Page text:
A gift, maybe. Let’s suppose they are. From the beau. His name is Barry Rhodes. Barry Rhodes of Eastern Pennsylvania who, at the second this photograph is taken, believes that in one month, Evelyn McHale will be—as she has agreed to be— his wife. Barry Rhodes, who first saw Evelyn at a New Year Party. Who—we might imagine—watched her from his own empty table. Watched her laugh too late, too loud, too soon; watched her square-peg-self search for a way into an invisible round hole; watched her eager smile grow evermore desperate; watched it freeze, then thaw, melt and drip from that round, heavy chin. Every time she tried to talk, drip, to dance, drip, drip, to sit, to do, to be, to fit drip, drip, drip. Perhaps Barry Rhodes, engineering student, living at home with his mother, watched Evelyn McHale struggle into an ill-fitting coat, and stumble on ill-fitting shoes and then, certain no one else was watching her, thought to himself: This is the ill-fitting girl I’ve been watching out for.

Let’s imagine him, kind, colourless, Barry Rhodes, presenting his girl with this string of pearls at their favourite seafood restaurant. Let’s imagine he thought it witty. And let’s take the liberty to reanimate Evelyn McHale. To sit her upright, alive and unremarkable, her knees covered. In her hands, a velvet box. There they are, sumptuous and white against red fabric.

“Y’know, the way these things are formed, Evelyn… so interesting,” white-bibbed Barry explains, “They’re these irritants. Like a splinter, or a spec of grit in your eye.” He picks up a shell from his plate, points to the pink, lip-like animal inside, “so this little guy, he needs to protect himself, right, from this infection. So, he—or she, I guess—secretes this stuff from its glands. Layers and layers of this mucus stuff. All around this infection. To isolate it, y’know?”

She tries to hide her distaste, her instinct to recoil from the strangely obscene animal that disappears down his convulsing throat.  

“So when they prize the shell, the oyster’s shell, open,” his chin glistens with exquisite juice and she focuses her eyes on the contents of the box, “they find…”

Tiny balls of mucus, she says. Then she lifts them, dangles them in the candlelight, and she fancies she can see the source. The piece of grit, the splinter, the cut, the ache, the pain at its centre. Tiny balls of infection, she says. Then she notices his open mouth and the familiar jolt of shame makes her eyes water and her fists clench, because she tries, she does. She tries and tries and tries but still… …I’m sorry, I didn’t mean…

He chuckles then, ‘No, no you’re right,’ he says, because he loves her and is happy to retune his pitch to hers. “Pure Timeless Chic is how the sales girl put it! Ha! Whatever that means!”

She puts them on to please him, and feels their sickness against her throat. He smiles. ‘The girl said they’re the same type Lana Turner wears.’ He pays the bill and places her ill-fitting coat on her shoulders. ‘And y’know Evelyn, every woman should have a set of pearls.’

Gentle, well-meaning Barry Rhodes, who we have to imagine didn’t immediately the recognise the elegant beauty in the photograph as his Evelyn. Barry Rhodes, who’d rolled out and off her the night before she jumped; who then re-adjusted his flannel pyjamas, and planted a brisk but tender kiss on her cheek, before scuttling back to the twin bed made daily by his mother.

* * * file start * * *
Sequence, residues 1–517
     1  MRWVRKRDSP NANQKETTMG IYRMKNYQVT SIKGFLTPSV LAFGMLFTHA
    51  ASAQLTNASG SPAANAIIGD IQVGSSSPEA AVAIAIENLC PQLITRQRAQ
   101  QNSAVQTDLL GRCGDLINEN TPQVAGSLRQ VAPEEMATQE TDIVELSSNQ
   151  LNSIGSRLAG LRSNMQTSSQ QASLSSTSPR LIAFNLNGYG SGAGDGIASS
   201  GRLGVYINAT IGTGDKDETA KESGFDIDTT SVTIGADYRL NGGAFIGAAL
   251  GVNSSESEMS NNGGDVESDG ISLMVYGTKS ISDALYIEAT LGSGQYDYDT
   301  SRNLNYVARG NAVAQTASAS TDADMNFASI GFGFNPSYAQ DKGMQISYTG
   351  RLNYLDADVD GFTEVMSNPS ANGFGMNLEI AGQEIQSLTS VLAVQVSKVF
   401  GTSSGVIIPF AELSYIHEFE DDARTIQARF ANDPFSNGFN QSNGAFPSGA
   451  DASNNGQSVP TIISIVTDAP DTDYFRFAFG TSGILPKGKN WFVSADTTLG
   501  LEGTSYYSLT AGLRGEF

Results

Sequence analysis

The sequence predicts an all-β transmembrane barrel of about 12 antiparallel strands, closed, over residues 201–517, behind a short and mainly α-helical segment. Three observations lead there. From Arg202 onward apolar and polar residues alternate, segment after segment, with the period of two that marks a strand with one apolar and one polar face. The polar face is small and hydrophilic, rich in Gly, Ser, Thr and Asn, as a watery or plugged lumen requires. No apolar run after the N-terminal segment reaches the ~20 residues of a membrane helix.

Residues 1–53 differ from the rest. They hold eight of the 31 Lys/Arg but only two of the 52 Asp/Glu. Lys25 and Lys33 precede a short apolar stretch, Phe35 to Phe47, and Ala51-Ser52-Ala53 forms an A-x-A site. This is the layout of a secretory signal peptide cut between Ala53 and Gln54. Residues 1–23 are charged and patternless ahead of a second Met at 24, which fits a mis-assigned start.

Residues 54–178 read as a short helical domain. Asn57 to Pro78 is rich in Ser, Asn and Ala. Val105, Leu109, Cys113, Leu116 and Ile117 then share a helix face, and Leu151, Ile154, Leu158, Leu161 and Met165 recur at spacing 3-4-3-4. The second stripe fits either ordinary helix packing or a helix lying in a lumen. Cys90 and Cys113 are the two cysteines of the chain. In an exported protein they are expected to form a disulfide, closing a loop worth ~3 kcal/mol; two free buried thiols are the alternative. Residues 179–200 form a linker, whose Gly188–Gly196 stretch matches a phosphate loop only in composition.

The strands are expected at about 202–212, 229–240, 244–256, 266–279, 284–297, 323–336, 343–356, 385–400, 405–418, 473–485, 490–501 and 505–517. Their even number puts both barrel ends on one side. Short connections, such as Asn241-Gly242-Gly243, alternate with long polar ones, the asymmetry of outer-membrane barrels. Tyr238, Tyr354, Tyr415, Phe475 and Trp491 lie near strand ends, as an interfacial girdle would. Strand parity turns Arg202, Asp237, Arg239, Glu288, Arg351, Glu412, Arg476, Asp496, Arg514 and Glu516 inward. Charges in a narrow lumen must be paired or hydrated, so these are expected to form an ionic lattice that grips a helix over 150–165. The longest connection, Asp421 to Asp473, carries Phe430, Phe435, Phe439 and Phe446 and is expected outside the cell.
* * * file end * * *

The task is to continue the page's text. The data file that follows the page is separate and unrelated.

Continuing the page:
“’Night, Evie. Early start in the morning.”

Barry Rhodes, who can’t recall their parting words because she’d had to dash to make the 7 am train from his home in Eastern to Grand Central station, or else be late to her bookkeeping job in Lower Manhattan. Barry Rhodes, who saw no signs, and had no clue, who told investigators that she was as happy as any young girl about to be married. Barry Rhodes, who spent the remainder of his eighty-five marriage-less years, wondering just how happy that was supposed to be.

She’s clutching them – clutch is the verb used with pearls. In a white gloved hand. Turner-esque elegance with a smatter of Davis-ian melodrama. And, could we venture, a soupcon of Monroe’s innocence, mixed with a hint of Baccall-ian cynicism? Yes, there in the combination of raised chin and parted lip. A naiveté and a seductiveness. The virgin and the whore. Or maybe it’s confusion we see. Maybe she’s wondering why her descent is so rushed; why she’s hurtling like a brick and not billowing like a leaf. Why she doesn’t feel light, doesn’t feel relieved of her cumbersome mass like she expected. Because for god’s sake, that’s why she opted for this method! Why she hasn’t slashed or swallowed, gassed or garrotted. Maybe she’s wondering about why the windows of this, the tallest man-made structure on earth, this mammoth feat of engineering and imagination, watch her fall with such icy disregard. Will they remain closed? Will no one try to catch her?

Maybe she’s surprised at just how easy it is to die. 

Turns out all you have to do is buy a ticket.

It’s in her purse. The ticket to the observation deck. In her purse, next to her carefully folded, ill-fitting coat, 1,040 feet above the limousine roof. They’re given to a Uniformed Man who rifles through them to find the answer. The note isn’t addressed to anyone in particular, so perhaps Uniformed Man feels that he is as entitled to read it as if his name were on the envelope. He reads:

I have too many of my mother’s tendencies

At this time, Uniformed Man doesn’t know about mother. He doesn’t know that mother is the former wife of father; that father’s name is Vincent McHale, that mother’s name is Unknown; that Unknown mother is mother to all seven of Vincent McHale’s children, the sixth of which was named Evelyn; that Unknown mother called her Evie; and that one day something happened and Unknown mother was gone. And when she left, she left all seven of her children. But her tendencies, these she left only with her sixth born. Tendencies: tender gifts wrapped in complex codes, in cells, in blood, in hair, bones, and proportions of hip, thigh, and breast. Little hidden infections.

Let’s suppose one day, before Unknown mother disappeared, she invited her little Evie into the dark, smoky boudoir she seldom left and which stank of her unwashed illness. Perhaps Little Evie was nervous to enter this room, perhaps she sensed its danger. Imagine Little Evie. Number 6, hand-me-down, unnoticed. Imagine Unknown mother, tangled in grey sheets on an unshared bed. Imagine Little Evie’s round face held fast against Unknown mother’s bony chest. And now imagine Unknown mother apologize for being: